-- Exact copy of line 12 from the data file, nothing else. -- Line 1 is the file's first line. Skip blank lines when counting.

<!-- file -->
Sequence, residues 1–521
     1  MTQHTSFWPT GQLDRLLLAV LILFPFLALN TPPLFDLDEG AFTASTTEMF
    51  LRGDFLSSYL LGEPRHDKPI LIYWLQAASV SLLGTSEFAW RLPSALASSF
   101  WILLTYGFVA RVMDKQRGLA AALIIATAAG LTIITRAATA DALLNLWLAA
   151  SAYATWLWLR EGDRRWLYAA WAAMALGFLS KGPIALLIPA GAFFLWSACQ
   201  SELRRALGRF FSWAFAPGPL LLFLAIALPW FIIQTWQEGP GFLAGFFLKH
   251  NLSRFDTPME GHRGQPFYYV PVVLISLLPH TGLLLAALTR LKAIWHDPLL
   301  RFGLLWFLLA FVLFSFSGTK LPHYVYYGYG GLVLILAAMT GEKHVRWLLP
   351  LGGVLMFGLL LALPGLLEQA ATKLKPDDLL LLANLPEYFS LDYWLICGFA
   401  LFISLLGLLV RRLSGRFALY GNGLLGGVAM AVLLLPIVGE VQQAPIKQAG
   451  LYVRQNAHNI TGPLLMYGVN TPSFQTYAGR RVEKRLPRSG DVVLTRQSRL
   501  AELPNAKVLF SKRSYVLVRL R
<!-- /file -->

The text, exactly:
   501  AELPNAKVLF SKRSYVLVRL R